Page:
Three of South Korea’s top seven leaders have quit their posts and others are shrinking away from a scandal involving a legislative aide who allegedly tampered with government election agency computers during elections in late October, according to a report published on Wednesday by the Wall Street Journal.
South Korea’s cyberterrorism police last Friday arrested the aide to a top ruling party politician after finding evidence that he orchestrated an election-day cyber attack on the National Election Commission’s website, thereby flummoxing young voters trying to find their polling places.
News reports have identified the aide as a 27-year-old named Gong who worked as secretary for Rep. Choi Gu-sik of the governing Grand National Party (GNP).
South Korean police are investigating whether Gong (who is identified only by surname) and three accomplices acted independently to take down the website via a distributed denial of service (DDoS) attack.
Police are also pursuing the possibility that Gong and his three accomplices – workers at an IT firm – were following orders issued by politicians or “other influential figures,” according to The Korea Times.
Investigators suspect that the DDoS was an effort to suppress voter turnout on the part of the young voters who favor opposition parties. The timing of the cyber attack supports the theory, given that young workers typically vote in the morning before going to work, according to The Korea Times’ Lee Hyo-sik.
The massive cyberattack kicked the knees out from under the National Election Commission’s site, creating “mass confusion” for voters trying to find their way to the polls, according to Lee Hyo-sik.
The scandal is only the latest blow to the ruling GNP and its chances of re-election. The three officials who resigned were on the party’s Supreme Council—the Parliament members who lead the party.
GNP chairman Hong Joon-pyo said at a news conference on Wednesday that he would resist pressure to resign, according to the WSJ.
Instead, he said, he’s pondering a move to dissolve the party and rechristen it with a new name, in hopes of smoothing the troubled waters before parliamentary elections in April.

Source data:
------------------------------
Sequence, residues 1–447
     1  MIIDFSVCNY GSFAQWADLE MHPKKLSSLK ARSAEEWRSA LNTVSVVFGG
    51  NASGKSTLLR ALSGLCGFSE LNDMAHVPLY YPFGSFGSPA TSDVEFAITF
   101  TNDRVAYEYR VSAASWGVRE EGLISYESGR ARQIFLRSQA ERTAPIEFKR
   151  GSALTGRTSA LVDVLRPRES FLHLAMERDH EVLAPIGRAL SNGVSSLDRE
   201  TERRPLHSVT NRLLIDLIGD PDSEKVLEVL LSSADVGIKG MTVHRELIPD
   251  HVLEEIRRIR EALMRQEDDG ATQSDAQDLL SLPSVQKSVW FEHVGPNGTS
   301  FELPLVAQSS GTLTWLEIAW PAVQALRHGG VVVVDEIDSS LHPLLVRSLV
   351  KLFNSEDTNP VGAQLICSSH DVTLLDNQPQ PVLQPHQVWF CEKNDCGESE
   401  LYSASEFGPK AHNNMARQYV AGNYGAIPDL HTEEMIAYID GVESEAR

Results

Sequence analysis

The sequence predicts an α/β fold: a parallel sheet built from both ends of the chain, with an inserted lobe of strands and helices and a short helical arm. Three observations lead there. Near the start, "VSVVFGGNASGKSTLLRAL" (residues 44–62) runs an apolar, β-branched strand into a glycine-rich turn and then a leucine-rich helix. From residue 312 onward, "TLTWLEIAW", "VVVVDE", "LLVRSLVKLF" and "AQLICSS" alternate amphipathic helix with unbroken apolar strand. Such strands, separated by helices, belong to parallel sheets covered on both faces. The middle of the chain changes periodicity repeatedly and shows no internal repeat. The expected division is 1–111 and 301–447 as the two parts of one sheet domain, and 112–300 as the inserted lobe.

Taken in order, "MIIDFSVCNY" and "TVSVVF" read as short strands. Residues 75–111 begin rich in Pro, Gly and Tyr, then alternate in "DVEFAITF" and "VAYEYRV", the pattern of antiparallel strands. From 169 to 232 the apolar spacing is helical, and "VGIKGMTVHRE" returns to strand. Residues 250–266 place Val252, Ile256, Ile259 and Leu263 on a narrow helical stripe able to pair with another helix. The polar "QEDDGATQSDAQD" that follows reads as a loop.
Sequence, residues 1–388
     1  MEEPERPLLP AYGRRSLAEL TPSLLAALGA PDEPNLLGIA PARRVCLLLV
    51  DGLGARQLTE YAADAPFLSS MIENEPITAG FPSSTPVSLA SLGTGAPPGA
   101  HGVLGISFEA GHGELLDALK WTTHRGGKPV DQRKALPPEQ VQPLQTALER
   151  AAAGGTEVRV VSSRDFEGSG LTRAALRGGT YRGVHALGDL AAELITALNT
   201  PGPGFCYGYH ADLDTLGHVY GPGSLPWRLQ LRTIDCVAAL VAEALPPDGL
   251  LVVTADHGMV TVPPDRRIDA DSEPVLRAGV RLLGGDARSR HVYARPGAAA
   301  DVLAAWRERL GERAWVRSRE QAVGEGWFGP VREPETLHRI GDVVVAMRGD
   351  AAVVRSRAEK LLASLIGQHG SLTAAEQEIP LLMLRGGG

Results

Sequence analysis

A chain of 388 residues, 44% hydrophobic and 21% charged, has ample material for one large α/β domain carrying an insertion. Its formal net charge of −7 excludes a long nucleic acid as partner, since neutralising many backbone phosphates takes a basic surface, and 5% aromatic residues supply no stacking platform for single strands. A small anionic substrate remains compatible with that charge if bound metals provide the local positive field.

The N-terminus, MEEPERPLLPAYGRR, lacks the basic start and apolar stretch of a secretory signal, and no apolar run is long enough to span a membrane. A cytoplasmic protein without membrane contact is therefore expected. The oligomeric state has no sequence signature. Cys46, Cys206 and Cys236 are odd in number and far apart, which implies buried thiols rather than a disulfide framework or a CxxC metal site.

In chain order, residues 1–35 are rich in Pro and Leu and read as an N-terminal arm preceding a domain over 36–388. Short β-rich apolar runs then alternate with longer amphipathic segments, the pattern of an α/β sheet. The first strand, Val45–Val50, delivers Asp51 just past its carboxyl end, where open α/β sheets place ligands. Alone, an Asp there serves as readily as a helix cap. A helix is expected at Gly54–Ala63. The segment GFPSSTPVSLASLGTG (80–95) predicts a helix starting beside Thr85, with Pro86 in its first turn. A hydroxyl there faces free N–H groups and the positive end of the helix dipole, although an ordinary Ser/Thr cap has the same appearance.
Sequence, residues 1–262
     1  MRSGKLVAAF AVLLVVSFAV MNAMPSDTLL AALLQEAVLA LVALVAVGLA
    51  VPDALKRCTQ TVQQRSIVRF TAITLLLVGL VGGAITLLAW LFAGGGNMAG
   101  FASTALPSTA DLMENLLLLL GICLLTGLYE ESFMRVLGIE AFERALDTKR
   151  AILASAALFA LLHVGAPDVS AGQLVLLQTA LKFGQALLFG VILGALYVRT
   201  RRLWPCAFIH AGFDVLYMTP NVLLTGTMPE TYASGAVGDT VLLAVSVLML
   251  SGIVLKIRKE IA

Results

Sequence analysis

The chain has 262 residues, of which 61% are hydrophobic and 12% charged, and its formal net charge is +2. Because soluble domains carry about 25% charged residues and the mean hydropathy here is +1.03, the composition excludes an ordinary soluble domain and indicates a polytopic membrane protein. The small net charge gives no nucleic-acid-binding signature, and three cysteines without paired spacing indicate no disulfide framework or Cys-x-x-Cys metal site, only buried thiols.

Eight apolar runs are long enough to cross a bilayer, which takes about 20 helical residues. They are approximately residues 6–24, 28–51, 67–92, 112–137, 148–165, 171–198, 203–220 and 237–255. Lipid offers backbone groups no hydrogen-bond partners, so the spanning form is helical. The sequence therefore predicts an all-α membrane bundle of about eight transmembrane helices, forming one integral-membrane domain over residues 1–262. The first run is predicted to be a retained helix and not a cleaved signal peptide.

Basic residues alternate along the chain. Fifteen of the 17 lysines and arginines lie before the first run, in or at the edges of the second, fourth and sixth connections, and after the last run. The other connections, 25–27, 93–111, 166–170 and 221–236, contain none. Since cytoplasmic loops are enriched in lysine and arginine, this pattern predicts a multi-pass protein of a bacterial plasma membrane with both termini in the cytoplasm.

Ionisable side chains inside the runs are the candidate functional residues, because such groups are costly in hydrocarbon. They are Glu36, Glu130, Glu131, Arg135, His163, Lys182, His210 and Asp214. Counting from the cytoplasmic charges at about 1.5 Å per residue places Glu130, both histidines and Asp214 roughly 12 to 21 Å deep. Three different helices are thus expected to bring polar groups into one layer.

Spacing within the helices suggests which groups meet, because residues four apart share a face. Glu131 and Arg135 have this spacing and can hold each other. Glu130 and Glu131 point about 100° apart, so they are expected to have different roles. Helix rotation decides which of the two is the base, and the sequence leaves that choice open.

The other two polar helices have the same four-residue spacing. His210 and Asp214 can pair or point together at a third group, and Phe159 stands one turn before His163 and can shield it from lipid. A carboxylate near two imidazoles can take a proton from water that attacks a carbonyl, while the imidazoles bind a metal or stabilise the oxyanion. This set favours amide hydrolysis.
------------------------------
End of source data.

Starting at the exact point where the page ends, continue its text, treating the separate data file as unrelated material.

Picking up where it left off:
Here’s more context from the WSJ article:
The conservative party, which controls a sizable majority in the 299-seat National Assembly and includes President Lee Myung-bak, has lost popularity in every election since it took power in 2008, a pattern that is typical in Korean politics.
But over the past year, discontent with the party and Mr. Lee has grown, because they are considered to have been slow to address the nation's uneven recovery from the 2008 global economic crisis. The government handled the crisis mainly by creating favorable conditions for the nation's exporters, while smaller businesses struggled as domestic consumption slumped.
Use of DDoS attacks to influence elections or suppress political opinions appears to be becoming commonplace.
Just two days ago, Sophos’s Graham Cluley reported on a similar cyber attack on Russian sites that claimed that the vote was being fixed.
As Cluley noted, compromised computers around the world can be put into the service of deluging a website with pings, “effectively clogging it up and bringing the site to its knees.” These DDoSes exploit poorly-defended home PCs, turning them into zombie bots that can then be used to flood a target with requests.
Tracing the trail of a DDoS to find the responsible party or parties is no simple feat.
Will the South Korean attack prove to be the flailings of a foundering political party, orchestrated by its top brass? Or will it prove to be the work of a few lone actors, similar to the 16-year-old who allegedly tried to DDoS the UK’s royal wedding site?
In this case, the attack certainly smells of officialdom.
But regardless of who’s behind the attack, these type of exploits are here to stay, part of our modern election zeitgeist. As long as PCs sit undefended, there will be plenty of zombies to launch at any target that a lone perpetrator or a corrupt government chooses.